Wednesday, March 7, 2018

Time and tide. And feedback.

Due to yesterday's snowstorm, which came, finally, about 12 hours after the all-too-cocky meteorologists said it would, about 75% of the agency seemed to be working from home.

That didn't stop, though I wish it had, the near constant accumulation of emails in my inbox. It seemed for hours at a time, the emails were piling up even faster than the snow.

It's not unusual among a skein of emails to get four or five or even seven or nine on a single topic. One might say, make the pixelator longer. Another might say, make the pixelator shorter. Still another might say, I'd get rid of the pixelator altogether and another might avoid mentioning the pixelator at all.

Earlier this week, I read an article in the "New York Times," called "
For Two Months, I Got My News From Print Newspapers. Here’s What I Learned." You can read the article here.

In the article, Farhad Manjoo goes cold turkey. He goes two months shutting off tweets, stopping text notifications, staying off social media. He spent two months getting his news only from print media, specifically the "Times," "The Wall Street Journal," and "The San Francisco Chronicle."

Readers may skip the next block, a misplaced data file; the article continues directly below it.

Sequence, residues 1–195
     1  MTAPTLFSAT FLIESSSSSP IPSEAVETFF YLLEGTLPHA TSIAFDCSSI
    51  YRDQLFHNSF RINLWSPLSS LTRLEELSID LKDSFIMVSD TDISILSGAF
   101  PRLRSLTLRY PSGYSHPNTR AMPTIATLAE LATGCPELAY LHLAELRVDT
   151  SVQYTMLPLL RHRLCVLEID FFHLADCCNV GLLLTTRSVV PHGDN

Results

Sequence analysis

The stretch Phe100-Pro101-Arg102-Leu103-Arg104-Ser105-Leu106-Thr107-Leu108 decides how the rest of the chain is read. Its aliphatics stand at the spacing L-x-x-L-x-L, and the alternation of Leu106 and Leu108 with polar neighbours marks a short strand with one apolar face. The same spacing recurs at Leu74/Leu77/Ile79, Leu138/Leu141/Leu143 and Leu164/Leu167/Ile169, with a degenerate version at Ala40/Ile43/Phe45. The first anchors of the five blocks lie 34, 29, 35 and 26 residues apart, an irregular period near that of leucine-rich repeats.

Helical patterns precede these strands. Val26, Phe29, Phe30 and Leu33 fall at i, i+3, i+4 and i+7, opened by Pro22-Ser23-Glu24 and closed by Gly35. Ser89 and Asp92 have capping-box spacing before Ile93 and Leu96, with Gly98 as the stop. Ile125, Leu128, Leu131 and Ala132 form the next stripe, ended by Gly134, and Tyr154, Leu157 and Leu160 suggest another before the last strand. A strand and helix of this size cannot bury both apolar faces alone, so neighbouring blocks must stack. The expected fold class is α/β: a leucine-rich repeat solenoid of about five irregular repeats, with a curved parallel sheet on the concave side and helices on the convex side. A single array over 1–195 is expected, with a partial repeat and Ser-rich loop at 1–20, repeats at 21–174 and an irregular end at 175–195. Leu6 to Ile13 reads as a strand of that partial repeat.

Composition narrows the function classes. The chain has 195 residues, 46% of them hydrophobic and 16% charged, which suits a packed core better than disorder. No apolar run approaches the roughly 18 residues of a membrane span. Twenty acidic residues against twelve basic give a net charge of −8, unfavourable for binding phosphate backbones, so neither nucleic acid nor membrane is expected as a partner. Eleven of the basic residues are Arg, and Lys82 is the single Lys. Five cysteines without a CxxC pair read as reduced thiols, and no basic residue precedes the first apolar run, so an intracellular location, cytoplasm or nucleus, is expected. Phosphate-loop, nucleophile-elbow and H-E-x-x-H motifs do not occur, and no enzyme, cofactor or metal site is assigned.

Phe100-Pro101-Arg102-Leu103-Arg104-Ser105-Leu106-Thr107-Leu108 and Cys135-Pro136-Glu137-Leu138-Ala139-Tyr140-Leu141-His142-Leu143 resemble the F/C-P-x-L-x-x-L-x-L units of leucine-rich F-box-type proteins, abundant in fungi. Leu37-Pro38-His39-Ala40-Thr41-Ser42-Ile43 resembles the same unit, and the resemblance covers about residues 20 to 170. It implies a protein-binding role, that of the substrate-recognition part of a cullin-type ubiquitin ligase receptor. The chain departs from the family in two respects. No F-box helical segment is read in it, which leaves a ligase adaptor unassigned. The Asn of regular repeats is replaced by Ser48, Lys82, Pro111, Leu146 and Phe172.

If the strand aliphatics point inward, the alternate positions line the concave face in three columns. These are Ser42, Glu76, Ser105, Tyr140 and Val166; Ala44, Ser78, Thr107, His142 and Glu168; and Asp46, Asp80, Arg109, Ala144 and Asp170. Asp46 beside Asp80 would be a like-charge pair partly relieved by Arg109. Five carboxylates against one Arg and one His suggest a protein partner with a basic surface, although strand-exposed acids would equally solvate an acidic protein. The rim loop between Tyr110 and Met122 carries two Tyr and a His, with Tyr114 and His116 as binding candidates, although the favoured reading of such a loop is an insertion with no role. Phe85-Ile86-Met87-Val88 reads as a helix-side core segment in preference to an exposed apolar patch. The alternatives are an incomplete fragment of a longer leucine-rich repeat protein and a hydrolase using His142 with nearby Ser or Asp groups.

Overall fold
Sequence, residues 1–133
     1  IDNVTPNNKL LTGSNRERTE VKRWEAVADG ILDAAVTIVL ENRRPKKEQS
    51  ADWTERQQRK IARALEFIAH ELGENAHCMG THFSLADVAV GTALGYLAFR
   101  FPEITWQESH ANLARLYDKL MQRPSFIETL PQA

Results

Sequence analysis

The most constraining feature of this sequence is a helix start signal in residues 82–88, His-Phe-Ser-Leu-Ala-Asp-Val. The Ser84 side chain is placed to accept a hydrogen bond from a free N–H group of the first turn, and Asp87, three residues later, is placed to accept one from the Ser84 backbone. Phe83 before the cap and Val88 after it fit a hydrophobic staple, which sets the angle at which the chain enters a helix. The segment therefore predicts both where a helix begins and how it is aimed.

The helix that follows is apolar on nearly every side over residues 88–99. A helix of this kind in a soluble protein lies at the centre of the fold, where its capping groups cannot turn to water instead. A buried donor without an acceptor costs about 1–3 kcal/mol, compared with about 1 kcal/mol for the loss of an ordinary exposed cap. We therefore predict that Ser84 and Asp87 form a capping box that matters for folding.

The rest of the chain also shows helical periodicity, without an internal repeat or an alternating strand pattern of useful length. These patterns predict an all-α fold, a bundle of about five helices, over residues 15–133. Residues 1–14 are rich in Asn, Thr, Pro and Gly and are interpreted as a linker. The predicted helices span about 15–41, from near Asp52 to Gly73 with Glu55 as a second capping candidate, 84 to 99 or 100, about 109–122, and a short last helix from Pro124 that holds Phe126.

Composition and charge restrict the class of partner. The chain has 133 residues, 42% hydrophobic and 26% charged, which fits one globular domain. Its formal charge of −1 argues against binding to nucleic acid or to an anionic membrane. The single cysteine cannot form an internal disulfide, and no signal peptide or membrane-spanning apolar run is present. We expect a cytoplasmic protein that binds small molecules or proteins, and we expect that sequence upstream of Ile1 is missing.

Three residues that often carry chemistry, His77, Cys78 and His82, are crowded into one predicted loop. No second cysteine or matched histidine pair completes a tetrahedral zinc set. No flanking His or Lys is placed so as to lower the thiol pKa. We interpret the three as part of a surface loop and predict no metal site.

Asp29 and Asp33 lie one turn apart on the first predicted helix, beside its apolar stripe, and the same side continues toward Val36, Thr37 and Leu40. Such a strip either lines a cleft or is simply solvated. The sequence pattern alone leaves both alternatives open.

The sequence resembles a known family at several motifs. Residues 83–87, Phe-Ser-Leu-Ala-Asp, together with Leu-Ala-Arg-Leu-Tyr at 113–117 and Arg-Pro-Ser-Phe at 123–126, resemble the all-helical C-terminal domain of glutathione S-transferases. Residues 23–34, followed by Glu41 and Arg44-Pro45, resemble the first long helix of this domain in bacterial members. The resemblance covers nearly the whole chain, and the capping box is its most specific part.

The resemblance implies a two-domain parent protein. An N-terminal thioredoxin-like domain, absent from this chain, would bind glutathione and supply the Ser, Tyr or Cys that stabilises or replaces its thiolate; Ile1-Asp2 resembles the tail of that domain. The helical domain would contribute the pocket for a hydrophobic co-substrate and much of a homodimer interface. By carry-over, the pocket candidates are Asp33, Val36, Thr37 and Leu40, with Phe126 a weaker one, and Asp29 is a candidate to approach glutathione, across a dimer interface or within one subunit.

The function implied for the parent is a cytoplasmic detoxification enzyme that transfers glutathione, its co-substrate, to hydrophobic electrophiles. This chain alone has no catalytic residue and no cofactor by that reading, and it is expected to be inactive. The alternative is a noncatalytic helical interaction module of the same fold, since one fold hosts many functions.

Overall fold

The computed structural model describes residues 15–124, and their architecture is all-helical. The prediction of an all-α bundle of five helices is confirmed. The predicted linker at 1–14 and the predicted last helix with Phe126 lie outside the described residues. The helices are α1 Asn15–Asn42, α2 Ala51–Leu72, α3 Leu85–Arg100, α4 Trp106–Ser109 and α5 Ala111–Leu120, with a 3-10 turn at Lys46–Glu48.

The point of his experiment, and the point of this post, isn't really about channel--the virtue of pixels over ink or vice-versa. What it's really about is the virtue of not "feeding back" a couple hundred times a day (as digital media does) and the relative measured-stateliness of media that publishes feedback just once-a-day.

Here's Manjoo's description of his cold-turkey experience:

"It has been 
life changing. Turning off the buzzing breaking-news machine I carry in my pocket was like unshackling myself from a monster who had me on speed dial, always ready to break into my day with half-baked bulletins.

"Now I am not just less anxious and less addicted to the news, I am more widely informed (though there are some blind spots). And I’m embarrassed about how much free time I have — in two months, I managed to read half a dozen books, took up pottery and (I think) became a more attentive husband and father."

In the context of our business--I often feel that one of the biggest causes of the qualitative decline of advertising (and the lives of those who toil in Madison Avenue's trenches) is the constant ping-attack of feedback. We no longer have three rounds of feedback, it often seems we have 300.

I wonder what would happen if we took a more temperate approach. That instead of saying what we thought in the exact moment, we took 24 hours and a walk around the block, and directed a measured response. 
By the way, about two months ago I jumped on the bandwagon of people who are saying smartphones are destroying our brains. I turned off all notifications and changed my screen to black and white. 

Doing so didn't cure my iPhone addiction, but I'd estimate I spend 33% less time on my device.


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